Why Japan’s Economy Is Ailing?

By Rajaram Panda

Japan’s astounding economic growth in the 1960s and 1970s was the talking point in world capitals. This success story was possible because of coordination between the government and the private sector, in which the government encouraged competition between industries and thereby weeded out the weaker ones. From the beginning of the 1980s, this strategy has no longer worked.

When the focus shifted towards knowledge-intensive industries, labour-intensive industries were transferred to nearby countries, thereby heralding the flying-geese pattern of economic development and the emergence of the Four Tigers. As wage levels increased and markets contracted, Japan started stagnating, while countries such as South Korea and Taiwan continued to reap dividends from the Japanese model of economic development. South Korea, for example, succeeded in putting in place a well balanced relationship between stable governments and the private sector.

From the 1980s, Japan has lost the way and is still struggling to come out of it. Eisuke Sakakibara, a leading Japanese economist and one of the architects of the Japanese “miracle” of the 1980s, now pleads that Japanese planners should emulate the South Koreans, whom Japan indirectly taught how to develop their economy.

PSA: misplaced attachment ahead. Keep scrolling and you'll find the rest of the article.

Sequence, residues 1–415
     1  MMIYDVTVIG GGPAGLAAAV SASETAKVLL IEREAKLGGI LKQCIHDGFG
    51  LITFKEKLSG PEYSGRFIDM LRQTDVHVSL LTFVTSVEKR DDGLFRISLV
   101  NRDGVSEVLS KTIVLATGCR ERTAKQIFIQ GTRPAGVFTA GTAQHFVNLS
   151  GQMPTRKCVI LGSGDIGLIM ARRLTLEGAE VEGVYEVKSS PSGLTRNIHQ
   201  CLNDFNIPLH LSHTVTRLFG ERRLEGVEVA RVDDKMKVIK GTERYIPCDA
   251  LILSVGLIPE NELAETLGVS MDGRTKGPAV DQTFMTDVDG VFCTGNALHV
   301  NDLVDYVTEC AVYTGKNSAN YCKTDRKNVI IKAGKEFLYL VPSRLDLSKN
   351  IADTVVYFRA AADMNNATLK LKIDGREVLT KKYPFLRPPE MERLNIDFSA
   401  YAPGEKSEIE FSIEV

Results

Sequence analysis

Free market economists Fumio Hayashi and Sakakibara, and most other Japanese economists, call the years 1990 to 2000 as Japan’s “lost decade”. What are the fundamental reasons for this malaise and prolonged stagnation? The reasons are many. Unlike the post-World War II generation which worked hard to rebuild Japan, the younger generation does not work that hard. While the duration of work has shrunk, the strong yen encourages the current generation of Japanese to enjoy longer vacations. The shrinking of the population because of the declining birth rate since 2005 has further undermined Japanese growth. Japan also maintains a restricted immigration regime, which prevents migrant population to join the domestic economic workforce. To ameliorate this situation, Japan urgently needs to liberalise its immigration policy, and encourage people to work harder and to have more babies. Though the DPJ government started some measures to reverse the decline in the population, these seem to be inadequate and no impact can be expected in the near term.